City Council Candidates: Meet Cammy Watkins

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Elle Love
SENIOR ONLINE REPORTER

City Council candidate Cammy Watkins hopes to meet demands from constituents in District 3. Photo courtesy of Cammy Watkins.

Since 2004, District 3 candidate Cammy Watkins has been involved with community organizing and worked with various non-profit organizations like Sierra Club, Habitat for Humanity of Omaha, and Inclusive Communities. She also produced a special concert performance of the “Rocky Horror Picture Show” as a senior at Cornell College to benefit LGBTQ+ youth to working in many nonprofit organizations

Watkins is inspired to connect the community with the City Council after attending non-profit organization, Inclusive Communities on a tour of the city of Cleveland lead by their City Council Members familiar to their districts.

“I was just blown away by how connected these two men were to their community and the economically enhancing ideas and policies that they were putting in place, and one of the guys, as we were driving down the neighborhood waved at the people and they knew him,” Watkins said. “He was super connected to his community and that drove the policy decisions that he was making, and I don’t think we have that as much here or not enough.”

Watkins said her community involvement within many facets of the city including business, education, government agencies, and schools while creating a grassroots movement with the neighboring associations makes her priorities her goals for running in District 3.

“My work with Habitat for Humanity is when housing really became a passion for me after recognizing how it can be life changing for people, so I know that housing was definitely something that I wanted to do,” Watkins said.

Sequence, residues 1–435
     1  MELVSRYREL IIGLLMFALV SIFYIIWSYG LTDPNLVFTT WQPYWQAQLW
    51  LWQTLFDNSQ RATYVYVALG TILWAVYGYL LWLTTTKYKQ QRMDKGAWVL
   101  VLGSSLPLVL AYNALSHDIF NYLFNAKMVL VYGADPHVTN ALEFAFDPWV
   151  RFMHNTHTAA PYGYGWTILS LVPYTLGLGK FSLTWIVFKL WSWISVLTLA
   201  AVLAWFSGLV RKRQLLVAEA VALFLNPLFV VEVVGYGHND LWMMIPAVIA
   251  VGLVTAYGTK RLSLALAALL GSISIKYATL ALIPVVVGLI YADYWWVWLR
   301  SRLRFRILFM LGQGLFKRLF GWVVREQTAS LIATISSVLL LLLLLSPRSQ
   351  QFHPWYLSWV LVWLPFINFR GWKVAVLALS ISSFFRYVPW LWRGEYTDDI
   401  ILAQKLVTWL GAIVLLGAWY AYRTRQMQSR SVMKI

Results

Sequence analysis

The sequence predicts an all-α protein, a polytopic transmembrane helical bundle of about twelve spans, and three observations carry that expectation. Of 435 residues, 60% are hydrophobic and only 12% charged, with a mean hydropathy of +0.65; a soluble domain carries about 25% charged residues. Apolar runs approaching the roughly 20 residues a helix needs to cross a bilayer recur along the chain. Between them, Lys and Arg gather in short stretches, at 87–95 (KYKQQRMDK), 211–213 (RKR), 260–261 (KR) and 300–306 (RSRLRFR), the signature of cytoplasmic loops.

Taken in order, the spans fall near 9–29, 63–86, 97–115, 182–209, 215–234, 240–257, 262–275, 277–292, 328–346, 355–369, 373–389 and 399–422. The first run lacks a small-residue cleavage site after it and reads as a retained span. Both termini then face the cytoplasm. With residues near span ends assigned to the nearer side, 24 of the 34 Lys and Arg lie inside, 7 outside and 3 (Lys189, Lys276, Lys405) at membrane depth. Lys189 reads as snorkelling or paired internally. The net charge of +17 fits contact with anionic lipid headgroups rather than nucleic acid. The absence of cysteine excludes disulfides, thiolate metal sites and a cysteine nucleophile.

Watkins’ campaign focuses on essential demands from constituents in District 3 including equitable housing, food security, expanding public Wi-Fi access, and community care after the impact of COVID-19.

“COVID for all of the curses that has brought us shined light on the vert stark realities of many people in our community that not all of us are okay about,” Watkins said. “My community engagement shaped all of the policies including, housing, of course to know for sure for what I wanted to do.”

Watkins plan to expand public access in cultural centers like the library along with exterior access in public places like the Old Market and Midtown through public and private partnerships with many local businesses modeled after Council Bluff’s public access model.

“Not only is there lack of access for affordability for some people to have internet in their homes but our infrastructure and broadband speeds are so low in certain areas in our town and it’s pretty strenuous to the lower income areas of the town,” Watkins said. “With better infrastructure put in place in our eastern areas of town, it can then increase the broadband, which then makes it better for businesses in and for entrepreneurs because I think we’ve got a lot of brilliant people in our communities that don’t have access to tools to maximize their talents.”

Watkins said food insecurity is an issue that can be solved in Omaha with community-based agriculture supported by organizations like No More Pots, The Big Garden, City Sprouts, and Whispering Roots, who invest in these community gardens.

“If we look at a community-based agriculture of eight people, they were able to grow and produce their own foods when we have crisis like COVID-19 and it’s not just vegetables because people were also able to be their own butchers and local producers,” Watkins said.

Watkins plans to encourage the community to invest in locally sourced food to create job opportunities for entrepreneurs and to decentralize the food network in addition to public health concerns of meat packaging plant workers.

“We should not be putting people’s lives at risk for food, that shouldn’t have be a decision to make,” Watkins said.

“As we think about our public power and investing more renewables, having decentralized access to these resources in where people in communities are in direct need by growing food in the area can help them support and serve each other,” Watkins said. “There’s no reason for us in an agricultural state with brilliant minds around how we can do regenerative agriculture and community-sourced urban farming for us to have people that are going hungry.”

Watkins hopes to provide a voice for constituents if elected in District 3 but also for many to see the importance of local elections. She said democracy doesn’t stop at elections.

“If you’re a person that understands the value in the importance of the what our City Council can provide like housing and community investments, find a friend and make sure that you become an educator for the next person to you,” Watkins said. “You don’t have to be able to vote to still be an educator and help make sure that everyone has an active part in our participatory democracy.”

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